At a time when unemployment levels are rising to heights not seen since the Great Depression, the mortgage industry is among the relatively few sectors outside of the frontline workforce that is actively seeking out new employees.
“We’re hiring and we’re expanding,” said Paul Buege, president of Pewaukee, Wisconsin-based Inlanta Mortgage. “And that’s happening on top of record volume for a company that’s nearly 100% virtual.”
“We are aggressively recruiting not only salespeople but inside staff as well,” said Christopher Stanton, senior vice president of retail lending at MLB Residential Lending in Springfield, New Jersey. “From underwriters to closers to post-closing, pretty much every department. Right now, we have about 160 employees and in the next 60 days we’re probably looking to increase that by about 10%.”
Part of this hiring trend can be attributed to the industry being in the right place at the right time.
“One of the things that the mortgage industry is going to be able to offer to the economy right now is refinancing borrowers into lower interest rates,” said Michael “Mo” Oursler, chief operating officer at NewDay USA in Fulton, Maryland. “This interest rate environment will create monthly savings for those borrowers and homeowners that they can use for other purposes.”
Stanton added that while the coronavirus pandemic created tumult throughout much of the economy, “there are a lot of industries that are fully active still, where people have full employment and are aggressively seeking to purchase. We’re as busy as we’ve ever been.”
Another driving force is that the mortgage industry was in a strong position before the pandemic’s economic paralysis took effect.
“We’ve been hiring a lot over the past couple years as we’ve grown,” said Alex Elezaj, chief strategy officer at United Wholesale Mortgage in Pontiac, Michigan. “A couple of months ago, before the COVID-19 crisis, we had 800 IT people here at our company, probably the most in the industry, I would imagine. But we’re really big on it and we’re going to continue to develop our IT team. So, we’re hiring hundreds of people on it over the next six months to a year.”
In April, UWM’s CEO, Mat Ishbia, promised that the company would not lay off employees during the coronavirus shutdown, declaring that he would “sleep on your couch” before he would lay off team members.
NewDay USA was also planning to increase its workforce before the pandemic took root, and it hasn’t changed course. Oursler said the company is set up to ensure constant waves of employees can be readied for its workforce.
Oursler also credited NewDay USA’s niche focus on VA lending as being beneficial for increased hiring, adding that “we don’t have to train anything other than how to serve the veteran community – and by being able to leverage that, we think we have a lot of growth opportunity ahead of us.”
Inlanta’s Buege pointed to his company’s Coaching Academy, launched earlier this year before the pandemic, which puts potential employees through in-depth education on sales techniques and technology, along with one-on-one mentoring. Buege believed an intensive hands-on approach would ensure a stronger workforce that is up to the challenge of their duties before dealing with the public.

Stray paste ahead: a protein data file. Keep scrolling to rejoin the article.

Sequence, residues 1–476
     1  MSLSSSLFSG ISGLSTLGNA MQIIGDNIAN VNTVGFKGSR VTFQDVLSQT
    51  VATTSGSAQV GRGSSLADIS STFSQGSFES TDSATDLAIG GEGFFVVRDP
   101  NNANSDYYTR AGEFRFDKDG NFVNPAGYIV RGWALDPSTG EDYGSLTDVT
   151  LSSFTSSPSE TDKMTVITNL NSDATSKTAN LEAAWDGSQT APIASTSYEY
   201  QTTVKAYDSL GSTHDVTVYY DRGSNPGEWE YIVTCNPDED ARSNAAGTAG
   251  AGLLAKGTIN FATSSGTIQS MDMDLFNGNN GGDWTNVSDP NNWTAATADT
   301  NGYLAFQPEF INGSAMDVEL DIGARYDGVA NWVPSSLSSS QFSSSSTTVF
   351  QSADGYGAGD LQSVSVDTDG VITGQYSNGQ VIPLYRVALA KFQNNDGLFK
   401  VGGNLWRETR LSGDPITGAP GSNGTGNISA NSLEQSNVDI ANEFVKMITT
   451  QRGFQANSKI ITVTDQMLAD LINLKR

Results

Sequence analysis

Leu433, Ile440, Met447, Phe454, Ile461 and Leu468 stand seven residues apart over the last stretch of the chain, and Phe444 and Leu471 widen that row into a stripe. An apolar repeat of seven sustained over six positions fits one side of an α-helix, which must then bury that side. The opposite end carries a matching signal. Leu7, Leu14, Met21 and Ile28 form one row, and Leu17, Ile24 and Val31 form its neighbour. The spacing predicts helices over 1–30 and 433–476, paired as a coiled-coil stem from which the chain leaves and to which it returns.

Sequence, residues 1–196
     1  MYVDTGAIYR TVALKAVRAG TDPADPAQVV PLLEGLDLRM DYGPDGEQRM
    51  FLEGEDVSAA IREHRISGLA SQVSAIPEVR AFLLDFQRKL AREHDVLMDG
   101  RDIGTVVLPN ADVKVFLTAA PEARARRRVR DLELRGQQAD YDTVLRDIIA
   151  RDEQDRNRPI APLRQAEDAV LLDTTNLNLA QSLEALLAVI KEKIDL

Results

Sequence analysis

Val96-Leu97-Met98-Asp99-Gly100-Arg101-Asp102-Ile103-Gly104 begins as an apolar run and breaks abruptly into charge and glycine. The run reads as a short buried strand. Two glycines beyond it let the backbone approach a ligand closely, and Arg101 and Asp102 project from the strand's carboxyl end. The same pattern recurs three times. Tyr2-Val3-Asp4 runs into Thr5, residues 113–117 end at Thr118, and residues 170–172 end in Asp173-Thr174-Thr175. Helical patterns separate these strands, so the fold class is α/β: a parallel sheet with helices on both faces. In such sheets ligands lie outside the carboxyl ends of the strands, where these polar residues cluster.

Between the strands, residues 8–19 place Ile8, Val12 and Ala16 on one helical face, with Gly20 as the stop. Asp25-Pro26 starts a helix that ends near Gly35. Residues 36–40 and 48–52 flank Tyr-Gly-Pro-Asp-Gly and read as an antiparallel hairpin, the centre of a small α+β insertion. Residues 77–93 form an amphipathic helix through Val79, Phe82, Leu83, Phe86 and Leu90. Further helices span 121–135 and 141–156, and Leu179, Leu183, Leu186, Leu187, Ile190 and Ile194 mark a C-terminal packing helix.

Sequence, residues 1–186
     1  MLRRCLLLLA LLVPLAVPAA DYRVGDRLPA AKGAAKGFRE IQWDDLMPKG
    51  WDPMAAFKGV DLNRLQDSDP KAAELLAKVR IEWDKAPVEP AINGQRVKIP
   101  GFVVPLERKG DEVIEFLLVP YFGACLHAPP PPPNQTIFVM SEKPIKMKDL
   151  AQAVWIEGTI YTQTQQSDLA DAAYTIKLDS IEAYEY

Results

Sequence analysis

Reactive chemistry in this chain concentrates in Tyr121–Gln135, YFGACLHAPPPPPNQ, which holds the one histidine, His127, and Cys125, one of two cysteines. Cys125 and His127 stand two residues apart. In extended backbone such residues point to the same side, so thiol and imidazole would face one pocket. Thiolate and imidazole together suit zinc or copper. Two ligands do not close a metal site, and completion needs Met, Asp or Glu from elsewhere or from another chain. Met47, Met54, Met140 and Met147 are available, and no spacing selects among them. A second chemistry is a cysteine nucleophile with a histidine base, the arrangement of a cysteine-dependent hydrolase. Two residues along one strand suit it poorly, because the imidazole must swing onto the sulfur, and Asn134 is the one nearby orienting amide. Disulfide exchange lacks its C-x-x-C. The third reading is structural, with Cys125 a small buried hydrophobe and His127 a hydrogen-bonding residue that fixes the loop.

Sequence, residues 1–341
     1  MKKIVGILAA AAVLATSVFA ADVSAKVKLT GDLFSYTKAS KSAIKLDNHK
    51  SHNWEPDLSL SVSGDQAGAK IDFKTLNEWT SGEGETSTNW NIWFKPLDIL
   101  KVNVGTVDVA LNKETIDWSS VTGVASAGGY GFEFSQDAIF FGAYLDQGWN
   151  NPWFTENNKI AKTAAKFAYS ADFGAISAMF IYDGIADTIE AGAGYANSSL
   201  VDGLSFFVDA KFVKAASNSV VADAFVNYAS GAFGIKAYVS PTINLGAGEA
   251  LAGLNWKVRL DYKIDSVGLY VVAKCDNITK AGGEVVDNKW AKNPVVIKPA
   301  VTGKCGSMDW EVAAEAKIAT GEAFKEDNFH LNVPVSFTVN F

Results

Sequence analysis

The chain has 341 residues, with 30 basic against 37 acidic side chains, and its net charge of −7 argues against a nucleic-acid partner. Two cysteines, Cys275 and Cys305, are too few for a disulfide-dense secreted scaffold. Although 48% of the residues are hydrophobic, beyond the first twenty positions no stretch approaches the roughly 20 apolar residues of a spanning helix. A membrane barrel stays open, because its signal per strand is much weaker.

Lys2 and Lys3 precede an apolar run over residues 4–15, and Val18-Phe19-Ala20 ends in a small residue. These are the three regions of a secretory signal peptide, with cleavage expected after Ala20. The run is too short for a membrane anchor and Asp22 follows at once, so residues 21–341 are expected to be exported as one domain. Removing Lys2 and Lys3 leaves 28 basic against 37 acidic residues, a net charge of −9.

“We wanted to be ongoing and proactive,” he said. “And I think that’s where the industry historically did not do very well: they would hire them, give them 30 days in training, and then the strong would survive and the weak would perish. We were taking an entirely different approach.”
Mortgage companies are finding their new employees through a variety of channels. At UWM, the existing workforce has helped point out possible candidates.
“About 65% to 70% of the team members that we hire come from internal referrals,” said. “What’s great about that is when you have team members that are referring others, they already know that these candidates are going to be a cultural fit and have a good work ethic.”
MLB Residential Lending’s Stanton noted his company has been able to take advantage of picking up new employees from competitors that have not been able to navigate the current economic storms.
“Not every mortgage company is hiring,” he said. “Some of them were actually caught by surprise and had some financial repercussions that caused them to have to lay people off. Through our network in the industry, we’re able to pick up some additional employees that have been at other companies and were actually in jeopardy of losing their jobs.”
The new hiring activity could also bring a fresh wave of workplace diversity. Ken Chitester, director of communications at Appraisal Institute, pointed out that the appraiser side of the industry has traditionally been close to borderline homogenous.
“Real estate valuation is not particularly diverse,” he said. “It is 78% male, 85% white and 75% age 51 and older.”
Chichester said the Appraisal Institute had worked with colleges and universities to attract young people into the profession, although the closing of schools – and, by extension, their career fairs – has put this effort in temporary disruption.
“We are trying to attend events virtually and be in the right place at the right time,” he said.
The Mortgage Bankers Association is also looking into restarting its virtual career fair program that was discontinued in 2018. Lisa Haynes, senior vice president, said the trade group was in touch with schools to get involved in this endeavor, although no deadline is in place for its relaunch.
Haynes believed that the post-pandemic era should include a new push to introduce college students to the mortgage profession before they graduate, rather than have them drift unexpectedly into the industry.
“There are no classes in college to talk about the mortgage industry,” she said. “Students don’t know they can have these jobs.”